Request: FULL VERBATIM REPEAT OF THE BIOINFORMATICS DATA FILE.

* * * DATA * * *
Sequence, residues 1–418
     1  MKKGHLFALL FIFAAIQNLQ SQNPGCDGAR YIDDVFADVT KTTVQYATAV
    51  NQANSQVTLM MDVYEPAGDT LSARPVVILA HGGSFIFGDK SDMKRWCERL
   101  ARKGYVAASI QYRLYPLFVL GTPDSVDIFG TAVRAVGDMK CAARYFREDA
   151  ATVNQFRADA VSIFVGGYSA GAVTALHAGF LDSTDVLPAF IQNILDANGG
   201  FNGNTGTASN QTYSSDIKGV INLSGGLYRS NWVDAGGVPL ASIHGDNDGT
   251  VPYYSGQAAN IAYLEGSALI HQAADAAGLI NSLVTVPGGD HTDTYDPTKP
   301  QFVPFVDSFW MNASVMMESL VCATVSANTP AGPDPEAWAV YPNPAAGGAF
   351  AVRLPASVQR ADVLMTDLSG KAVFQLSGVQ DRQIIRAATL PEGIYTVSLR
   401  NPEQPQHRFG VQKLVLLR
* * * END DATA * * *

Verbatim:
Sequence, residues 1–418
     1  MKKGHLFALL FIFAAIQNLQ SQNPGCDGAR YIDDVFADVT KTTVQYATAV
    51  NQANSQVTLM MDVYEPAGDT LSARPVVILA HGGSFIFGDK SDMKRWCERL
   101  ARKGYVAASI QYRLYPLFVL GTPDSVDIFG TAVRAVGDMK CAARYFREDA
   151  ATVNQFRADA VSIFVGGYSA GAVTALHAGF LDSTDVLPAF IQNILDANGG
   201  FNGNTGTASN QTYSSDIKGV INLSGGLYRS NWVDAGGVPL ASIHGDNDGT
   251  VPYYSGQAAN IAYLEGSALI HQAADAAGLI NSLVTVPGGD HTDTYDPTKP
   301  QFVPFVDSFW MNASVMMESL VCATVSANTP AGPDPEAWAV YPNPAAGGAF
   351  AVRLPASVQR ADVLMTDLSG KAVFQLSGVQ DRQIIRAATL PEGIYTVSLR
   401  NPEQPQHRFG VQKLVLLR